Paul Naschy – born Jacinto Molina Álvarez, September 6, 1934, to November 30, 2009 – was a Spanish movie actor, screenwriter, and director working primarily in horror films. His portrayals of numerous classic horror figures—the Wolfman, Frankenstein’s Monster, Count Dracula, the Hunchback, and the Mummy – have earned him recognition as the Spanish Lon Chaney.
His signature role was that of the werewolf, Waldemar Daninsky, whom he played twelve times. He had one of the most recognizable faces in Spanish horror films, though his long filmography reveals Naschy also starred in dozens of action films, historical dramas, crime movies, TV shows and documentaries.
Jacinto Molina Álvarez was born on September 6th 1934 to an artistic family – his father, Enrique, was a renowned fur and leather craftsman, his grandfather, Emilio, a celebrated sculptor of religious iconography. His family members’ success in their respective fields allowed Jacinto a relatively comfortable upbringing.
The tranquillity of Jacinto’s childhood in Madrid was dramatically punctuated by the start of the Spanish Civil War in 1936, an event, along with the rise of the dictator General Franco, staining his view of the world and inevitably influencing his later career.
Despite his young age, Molina’s mind was etched with images of spiralling aircraft, a disembodied soldier staggering for a few brief seconds before collapsing in a twitching heap, rows of executed traitors, as well as the tales from his father who served on the frontline.
As the Civil War gave way to the Second World War, further horrors revealed themselves, not least the German school Molina attended, bedecked with Third Reich paraphernalia. At home, comics occupied his mind with more fantastical thoughts, though his uncle’s gory tales of sights he’d witnessed at local bullfights continued to draw Molina back to the death and the brutality of both life and death.
Cinema soon became a big attraction, initially the weekly serials which demanded you return to learn the resolution of the cliffhanger – particular favourites were The Drums of Fu Manchu and Mysterious Doctor Satan. The real revelation was a screening of a reissued Frankenstein Meets the Wolfman, Lon Chaney Jr’s portrayal of the doomed Larry Talbot changing Molina’s life forever.
When asked by his mother what he wanted to be when he grew up, Jacinto replied, “a werewolf”. After briefly befriending the ‘spree killer’, José María Jarabo Pérez Morris, a man with such a muscular neck his eventual execution by garrotting took over twenty minutes, Molina’s first obsession away from cinema was weightlifting, another passion which stayed with him throughout his life.
By his twenties, Molina concentrated on both weightlifting and acting, the first presenting him with almost immediate success, decorating him with an array of titles and accolades, the latter proving significantly more difficult to break into. Molina had an uncredited bit part in the classic 1961 Biblical epic King of Kings and a few other films of that period, and the experience drew him further into film-making.
While appearing as an extra in an episode of the American TV show I Spy that was being filmed in Spain in 1966, Naschy met horror icon Boris Karloff on the set, a thrill he never forgot. Karloff, in poor health, having difficulty walking and suffering with cold, broke down in tears one day, the frustration and pain just too much. The sight of his hero displaying emotion in this way, despite his history of terrorising and killing on the Big Screen was also to have a profound effect on Molina’s future acting career.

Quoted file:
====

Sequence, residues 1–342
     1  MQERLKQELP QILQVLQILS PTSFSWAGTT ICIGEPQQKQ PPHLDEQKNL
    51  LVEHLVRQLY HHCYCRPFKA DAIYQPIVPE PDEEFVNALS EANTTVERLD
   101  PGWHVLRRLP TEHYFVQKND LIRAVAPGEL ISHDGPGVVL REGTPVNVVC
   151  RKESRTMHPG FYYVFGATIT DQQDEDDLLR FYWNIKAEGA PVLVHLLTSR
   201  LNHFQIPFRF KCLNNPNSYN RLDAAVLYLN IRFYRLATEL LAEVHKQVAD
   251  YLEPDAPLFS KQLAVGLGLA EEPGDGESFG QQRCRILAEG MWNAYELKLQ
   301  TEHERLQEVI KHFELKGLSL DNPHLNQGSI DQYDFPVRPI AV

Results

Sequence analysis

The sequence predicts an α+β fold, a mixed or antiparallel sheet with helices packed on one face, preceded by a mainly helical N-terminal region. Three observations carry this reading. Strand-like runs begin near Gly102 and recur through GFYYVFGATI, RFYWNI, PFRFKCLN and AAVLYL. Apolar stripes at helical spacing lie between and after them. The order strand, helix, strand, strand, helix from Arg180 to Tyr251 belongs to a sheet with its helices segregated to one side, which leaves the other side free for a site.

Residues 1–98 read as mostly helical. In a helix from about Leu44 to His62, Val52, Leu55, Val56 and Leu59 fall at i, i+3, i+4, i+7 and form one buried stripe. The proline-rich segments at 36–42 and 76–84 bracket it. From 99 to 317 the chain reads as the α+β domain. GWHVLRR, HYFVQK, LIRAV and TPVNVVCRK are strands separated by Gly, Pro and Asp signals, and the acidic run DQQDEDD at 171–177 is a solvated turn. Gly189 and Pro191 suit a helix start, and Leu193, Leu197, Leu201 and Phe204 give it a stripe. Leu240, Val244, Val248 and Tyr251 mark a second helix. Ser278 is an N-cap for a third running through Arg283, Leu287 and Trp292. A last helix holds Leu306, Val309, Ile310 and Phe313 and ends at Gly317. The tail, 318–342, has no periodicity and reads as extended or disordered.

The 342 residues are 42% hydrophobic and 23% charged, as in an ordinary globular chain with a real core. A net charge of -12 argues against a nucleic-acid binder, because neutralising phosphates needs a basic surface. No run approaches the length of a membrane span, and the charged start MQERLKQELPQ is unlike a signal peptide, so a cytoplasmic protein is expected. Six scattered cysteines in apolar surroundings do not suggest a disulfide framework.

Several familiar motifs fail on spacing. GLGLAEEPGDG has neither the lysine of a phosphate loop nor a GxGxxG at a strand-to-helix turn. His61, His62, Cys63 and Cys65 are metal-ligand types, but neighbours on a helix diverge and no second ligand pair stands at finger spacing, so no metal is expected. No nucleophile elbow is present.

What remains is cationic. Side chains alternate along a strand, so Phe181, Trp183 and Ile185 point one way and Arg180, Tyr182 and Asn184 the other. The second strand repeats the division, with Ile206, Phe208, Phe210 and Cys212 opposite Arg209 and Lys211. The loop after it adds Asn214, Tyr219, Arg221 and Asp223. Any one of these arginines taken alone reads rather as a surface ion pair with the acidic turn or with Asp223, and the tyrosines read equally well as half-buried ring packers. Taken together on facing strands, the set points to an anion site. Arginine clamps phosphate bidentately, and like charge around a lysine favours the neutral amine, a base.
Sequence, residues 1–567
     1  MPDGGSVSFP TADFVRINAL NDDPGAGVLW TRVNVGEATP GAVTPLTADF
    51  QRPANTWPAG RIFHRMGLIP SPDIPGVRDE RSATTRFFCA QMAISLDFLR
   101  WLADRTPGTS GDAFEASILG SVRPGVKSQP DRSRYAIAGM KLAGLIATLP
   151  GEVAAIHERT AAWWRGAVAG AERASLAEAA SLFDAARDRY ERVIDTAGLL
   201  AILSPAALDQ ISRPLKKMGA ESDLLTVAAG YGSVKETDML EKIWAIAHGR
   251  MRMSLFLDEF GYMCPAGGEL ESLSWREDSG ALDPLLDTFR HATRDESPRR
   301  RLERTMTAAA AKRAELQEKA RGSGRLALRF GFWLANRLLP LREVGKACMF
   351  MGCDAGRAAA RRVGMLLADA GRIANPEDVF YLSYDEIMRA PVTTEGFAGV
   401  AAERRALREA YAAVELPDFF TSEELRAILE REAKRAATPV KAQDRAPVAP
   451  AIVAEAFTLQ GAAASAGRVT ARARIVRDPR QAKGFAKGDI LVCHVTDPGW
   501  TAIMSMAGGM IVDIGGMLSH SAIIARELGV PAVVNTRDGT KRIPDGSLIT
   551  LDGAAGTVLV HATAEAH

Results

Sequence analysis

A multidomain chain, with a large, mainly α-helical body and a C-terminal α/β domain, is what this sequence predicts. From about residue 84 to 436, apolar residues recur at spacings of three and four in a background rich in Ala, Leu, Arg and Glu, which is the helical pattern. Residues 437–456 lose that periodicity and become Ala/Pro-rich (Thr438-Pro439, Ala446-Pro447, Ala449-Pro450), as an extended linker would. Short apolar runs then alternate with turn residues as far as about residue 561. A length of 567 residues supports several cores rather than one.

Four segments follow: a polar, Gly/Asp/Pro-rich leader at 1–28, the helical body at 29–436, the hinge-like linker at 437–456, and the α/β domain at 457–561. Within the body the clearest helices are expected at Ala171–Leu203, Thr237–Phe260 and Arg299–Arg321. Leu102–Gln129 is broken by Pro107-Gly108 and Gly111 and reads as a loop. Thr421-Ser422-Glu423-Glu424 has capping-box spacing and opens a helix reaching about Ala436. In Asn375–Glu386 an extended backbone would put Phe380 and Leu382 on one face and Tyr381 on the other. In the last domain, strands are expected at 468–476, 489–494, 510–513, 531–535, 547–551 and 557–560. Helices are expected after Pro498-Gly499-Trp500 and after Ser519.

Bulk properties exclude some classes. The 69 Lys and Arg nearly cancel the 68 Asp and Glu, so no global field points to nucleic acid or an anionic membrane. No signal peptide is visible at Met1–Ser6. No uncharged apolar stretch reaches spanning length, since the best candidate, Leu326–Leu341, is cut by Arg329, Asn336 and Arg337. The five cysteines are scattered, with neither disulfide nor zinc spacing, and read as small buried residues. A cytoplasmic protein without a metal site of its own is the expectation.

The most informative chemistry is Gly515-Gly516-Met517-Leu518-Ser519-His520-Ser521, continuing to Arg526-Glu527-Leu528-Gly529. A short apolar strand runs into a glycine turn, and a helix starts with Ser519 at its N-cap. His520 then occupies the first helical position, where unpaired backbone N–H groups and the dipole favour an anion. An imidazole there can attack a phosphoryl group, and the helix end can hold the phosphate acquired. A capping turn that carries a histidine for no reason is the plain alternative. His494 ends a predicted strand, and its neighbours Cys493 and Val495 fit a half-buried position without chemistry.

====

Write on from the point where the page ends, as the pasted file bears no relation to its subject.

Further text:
Tired of waiting for success to find him, in 1968 Molina penned the screenplay to what would eventually become the film The Mark of the Wolfman (La Marca del Hombre Lobo) a film following the Polish Count, Waldemar Daninsky, who, afflicted with lycanthropy, battles both other werewolves and vampires in a fest of the splattery and the Gothic.
The screenplay was picked up by German producers who, when finding their first choice for the role of Daninsky, Lon Chaney Jr, was far too ill with throat cancer to take the part at the age of 62, offered it to Molina. Though not his intention, Molina gratefully accepted but was required by the financiers of the film to adopt a more Teutonic-sounding name. Thus Paul Naschy was born, ‘Paul’ after the then Pope, Paul VI, ‘Naschy’ after the Hungarian weightlifter, Imre Nagy. A Spanish name would simply have been too uncommercial for worldwide distribution – at the time, Spain was churning out endless dismal ‘comedies’ and little else, apart from providing many of the settings for Italian-made Westerns.
The success of the film was enough to allow Naschy the comfort of continuing to develop his own projects – regrettably, a swift return outing for Daninsky in Las Noches del Homo Lobo, is now considered a lost film, though it was only two years later when his most famous creation was to reappear, in both 1970’s Dracula Versus Frankenstein (Los Monstruos dos Terror) and 1971’s The Werewolf vs. The Vampire Woman (La Noche de Walpurgis).
Over the course of the twelve films Naschy made featuring Waldemar Daninsky there is little narrative connection, the wolfman existing essentially only as a recognisable and well-loved monster, the tenuous links between films either ham-fistedly managed or non-existent.
Naschy’s ‘straightforward’ horror career was punctuated by many notable films outside of the cobweb-strewn fang-baring type. 1971 saw him star in the Tito Carpi-penned giallo Seven Murders for Scotland Yard, as well as perhaps Spain’s most famous entry into the cycle of usually resolutely Italian thrillers, The Blue Eyes of the Broken Doll (1973), though purists may argue convincingly for the same year’s A Dragonfly for Each Corpse.
Also of note around this period are Naschy’s turns as the warlock Alaric De Marnac in Horror Rises from the Tomb, 1973), the eyebrow-raising Vengeance of the Zombies (1973), the role of the priest in the Spanish Exorcist take-off, Exorcismo (1975), the witchfinder of his directorial debut, Inquisition (1976), and the effective, gloomy apocalyptic vision of The People Who Own the Dark (1976).
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Despite, this, it was his more direct horror films that continued to make him such a star, especially in his home country where he had affectionately come to be known as “El Hombre Lobo”. Many of his most successful films were directed by the Argentine, León Klimovsky, who forever yearned to make blockbusting mainstream films but had to settle for a career in horror, exploitation and schlocky westerns – he needn’t have worried, his films are rarely anything less than excellent entertainment.
Having now played all the major monster roles, including The Mummy in The Mummy’s Revenge (1971), Count Dracula in 1973’s Count Dracula’s Great Love, the hunchback in the terrific The Hunchback of the Morgue (1973) and an attempt to do all of them at once in 1987’s Howl of the Devil, by the mid-80’s he was spreading himself a little too thinly and making several curious decisions.